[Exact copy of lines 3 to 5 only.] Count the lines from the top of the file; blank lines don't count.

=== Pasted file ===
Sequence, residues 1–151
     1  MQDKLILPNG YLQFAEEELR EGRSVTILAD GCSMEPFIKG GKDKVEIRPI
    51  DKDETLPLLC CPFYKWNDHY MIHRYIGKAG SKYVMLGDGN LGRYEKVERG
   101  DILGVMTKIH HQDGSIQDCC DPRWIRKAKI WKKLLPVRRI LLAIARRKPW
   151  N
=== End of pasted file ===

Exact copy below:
    51  DKDETLPLLC CPFYKWNDHY MIHRYIGKAG SKYVMLGDGN LGRYEKVERG
   101  DILGVMTKIH HQDGSIQDCC DPRWIRKAKI WKKLLPVRRI LLAIARRKPW
   151  N